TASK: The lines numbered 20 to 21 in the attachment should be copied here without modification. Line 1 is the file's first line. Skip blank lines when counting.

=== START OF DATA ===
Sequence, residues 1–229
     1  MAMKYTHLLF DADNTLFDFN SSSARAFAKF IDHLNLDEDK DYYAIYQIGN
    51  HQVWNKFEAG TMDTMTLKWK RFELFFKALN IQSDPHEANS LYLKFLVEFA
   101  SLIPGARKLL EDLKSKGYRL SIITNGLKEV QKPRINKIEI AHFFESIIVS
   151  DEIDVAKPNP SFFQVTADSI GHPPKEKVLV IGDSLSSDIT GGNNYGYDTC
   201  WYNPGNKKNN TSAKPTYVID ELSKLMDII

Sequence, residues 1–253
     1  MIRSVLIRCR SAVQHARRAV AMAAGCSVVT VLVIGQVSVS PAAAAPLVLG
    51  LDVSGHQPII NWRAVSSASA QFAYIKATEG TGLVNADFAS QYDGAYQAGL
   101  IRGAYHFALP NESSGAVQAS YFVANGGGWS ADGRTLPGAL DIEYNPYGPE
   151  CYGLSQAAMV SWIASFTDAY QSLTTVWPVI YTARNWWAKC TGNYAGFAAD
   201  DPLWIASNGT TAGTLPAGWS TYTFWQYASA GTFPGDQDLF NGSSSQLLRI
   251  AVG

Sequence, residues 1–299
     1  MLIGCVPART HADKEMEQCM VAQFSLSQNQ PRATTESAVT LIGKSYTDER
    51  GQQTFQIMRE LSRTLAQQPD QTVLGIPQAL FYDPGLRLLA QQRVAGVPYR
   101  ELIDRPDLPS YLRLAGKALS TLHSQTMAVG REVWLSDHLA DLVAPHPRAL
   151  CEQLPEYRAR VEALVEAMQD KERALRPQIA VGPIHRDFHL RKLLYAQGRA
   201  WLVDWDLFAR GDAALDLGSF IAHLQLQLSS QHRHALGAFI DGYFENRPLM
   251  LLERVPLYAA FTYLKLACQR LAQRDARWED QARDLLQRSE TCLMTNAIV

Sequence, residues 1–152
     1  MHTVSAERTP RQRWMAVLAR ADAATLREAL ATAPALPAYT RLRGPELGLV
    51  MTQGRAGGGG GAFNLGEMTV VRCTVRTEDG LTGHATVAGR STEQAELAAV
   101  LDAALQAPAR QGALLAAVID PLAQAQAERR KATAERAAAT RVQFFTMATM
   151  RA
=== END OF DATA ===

   251  LLERVPLYAA FTYLKLACQR LAQRDARWED QARDLLQRSE TCLMTNAIV

Sequence, residues 1–152